View all items from this company in our collection...
Dynamix, Inc. was an American developer of computer games from 1984 to 2001, best known for their flight simulator, Red Baron, the Front Page Sports series and their online multiplayer game, Tribes.
The company was founded in Eugene, Oregon in 1984 by Jeff Tunnell and Damon Slye. Their first title, Stellar 7, was released before company founding and was later re-released with the Dynamix name on it. They made a number of games for the Commodore 64, among them Project Firestart which was one of the most atmospheric titles for the C64.
In the following years, Dynamix created a line of action games for Electronic Arts, including one of the first games for the Commodore Amiga, Arctic Fox. Later titles were developed for Activision. After self-publishing their games for a short while, in 1990 Dynamix was bought by Sierra On-Line.
Once part of Sierra, Dynamix created some of their most famous games, including a line of adventures and flight simulations that included Red Baron and The Adventures of Willy Beamish. They also created the puzzle game The Incredible Machine, along with the spinoff Sid & Al's Incredible Toons. Another successful product line was the Front Pages Sports series, designed by Pat Cook and Allen McPheeters which included Football, Baseball, and Golf. Versions of Red Baron and Front Page Sports Football were included as part of the ImagiNation Network.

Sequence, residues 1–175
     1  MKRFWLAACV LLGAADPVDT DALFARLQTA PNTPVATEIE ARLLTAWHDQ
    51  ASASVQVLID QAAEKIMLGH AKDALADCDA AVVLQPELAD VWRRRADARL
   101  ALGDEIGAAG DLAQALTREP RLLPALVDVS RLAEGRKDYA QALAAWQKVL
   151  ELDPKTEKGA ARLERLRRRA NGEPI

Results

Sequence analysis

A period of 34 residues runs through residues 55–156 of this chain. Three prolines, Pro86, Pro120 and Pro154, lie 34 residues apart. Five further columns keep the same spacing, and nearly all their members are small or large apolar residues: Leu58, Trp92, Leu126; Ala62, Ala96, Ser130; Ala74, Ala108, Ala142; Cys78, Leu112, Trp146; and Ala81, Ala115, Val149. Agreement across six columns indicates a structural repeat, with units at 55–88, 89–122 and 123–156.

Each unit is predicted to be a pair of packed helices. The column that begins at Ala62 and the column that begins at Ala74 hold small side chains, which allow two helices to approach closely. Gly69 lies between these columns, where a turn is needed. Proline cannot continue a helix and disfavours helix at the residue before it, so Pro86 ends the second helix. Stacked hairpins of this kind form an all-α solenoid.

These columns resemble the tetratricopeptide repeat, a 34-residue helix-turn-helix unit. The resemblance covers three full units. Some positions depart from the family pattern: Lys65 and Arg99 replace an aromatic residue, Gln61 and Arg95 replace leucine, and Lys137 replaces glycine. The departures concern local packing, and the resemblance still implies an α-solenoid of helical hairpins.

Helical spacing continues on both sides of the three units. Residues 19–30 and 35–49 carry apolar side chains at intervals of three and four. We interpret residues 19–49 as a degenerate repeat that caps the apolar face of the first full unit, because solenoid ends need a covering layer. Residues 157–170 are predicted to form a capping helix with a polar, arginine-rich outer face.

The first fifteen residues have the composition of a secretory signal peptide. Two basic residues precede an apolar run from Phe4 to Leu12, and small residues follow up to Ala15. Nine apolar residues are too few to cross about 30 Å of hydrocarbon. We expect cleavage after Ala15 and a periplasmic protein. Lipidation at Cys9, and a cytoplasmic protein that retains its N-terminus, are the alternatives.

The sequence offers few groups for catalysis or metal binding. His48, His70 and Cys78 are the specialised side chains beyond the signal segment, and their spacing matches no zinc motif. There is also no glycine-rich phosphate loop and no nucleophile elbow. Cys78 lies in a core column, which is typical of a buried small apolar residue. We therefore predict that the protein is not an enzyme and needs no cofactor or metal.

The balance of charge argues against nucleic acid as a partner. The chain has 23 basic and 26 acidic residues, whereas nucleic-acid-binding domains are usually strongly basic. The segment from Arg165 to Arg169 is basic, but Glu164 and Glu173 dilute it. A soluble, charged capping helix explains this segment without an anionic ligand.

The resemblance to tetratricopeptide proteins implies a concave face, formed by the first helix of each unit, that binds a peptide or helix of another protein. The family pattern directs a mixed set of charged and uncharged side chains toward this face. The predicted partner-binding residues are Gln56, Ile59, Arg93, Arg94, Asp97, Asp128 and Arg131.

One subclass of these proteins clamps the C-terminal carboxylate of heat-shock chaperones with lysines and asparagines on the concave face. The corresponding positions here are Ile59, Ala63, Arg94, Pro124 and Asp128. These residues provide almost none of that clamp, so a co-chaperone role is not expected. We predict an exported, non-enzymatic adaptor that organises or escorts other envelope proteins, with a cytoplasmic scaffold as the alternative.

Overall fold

In 1994, the first game in a new series called MetalTech was released, a giant robot combat game with similarities to the BattleTech universe and games. This series resulted in two Earthsiege games and eventually Starsiege. As a side development of the Starsiege game, the successful Tribes series was created. Dynamix also created Outpost 2: Divided Destiny, the second game in Sierra's strategy/survival franchise, Outpost.
The Dynamix studio was closed by its parent company Sierra Entertainment in August 2001, as part of Sierra's restructuring under Vivendi Universal. Several veterans of the studio (including Tunnell), however, stayed in Eugene and founded a new studio / electronic publisher, GarageGames.